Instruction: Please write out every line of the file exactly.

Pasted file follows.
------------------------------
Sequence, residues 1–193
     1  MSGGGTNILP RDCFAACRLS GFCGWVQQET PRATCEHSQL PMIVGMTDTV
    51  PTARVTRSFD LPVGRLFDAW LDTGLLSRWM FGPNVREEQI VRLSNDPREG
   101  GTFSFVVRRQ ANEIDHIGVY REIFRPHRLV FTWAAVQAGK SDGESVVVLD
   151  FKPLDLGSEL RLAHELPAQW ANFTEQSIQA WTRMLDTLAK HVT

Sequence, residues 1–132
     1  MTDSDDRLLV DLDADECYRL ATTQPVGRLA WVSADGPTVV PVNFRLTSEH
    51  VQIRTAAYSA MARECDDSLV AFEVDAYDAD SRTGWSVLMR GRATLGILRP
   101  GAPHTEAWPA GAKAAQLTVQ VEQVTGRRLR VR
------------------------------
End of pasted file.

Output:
Sequence, residues 1–193
     1  MSGGGTNILP RDCFAACRLS GFCGWVQQET PRATCEHSQL PMIVGMTDTV
    51  PTARVTRSFD LPVGRLFDAW LDTGLLSRWM FGPNVREEQI VRLSNDPREG
   101  GTFSFVVRRQ ANEIDHIGVY REIFRPHRLV FTWAAVQAGK SDGESVVVLD
   151  FKPLDLGSEL RLAHELPAQW ANFTEQSIQA WTRMLDTLAK HVT

Sequence, residues 1–132
     1  MTDSDDRLLV DLDADECYRL ATTQPVGRLA WVSADGPTVV PVNFRLTSEH
    51  VQIRTAAYSA MARECDDSLV AFEVDAYDAD SRTGWSVLMR GRATLGILRP
   101  GAPHTEAWPA GAKAAQLTVQ VEQVTGRRLR VR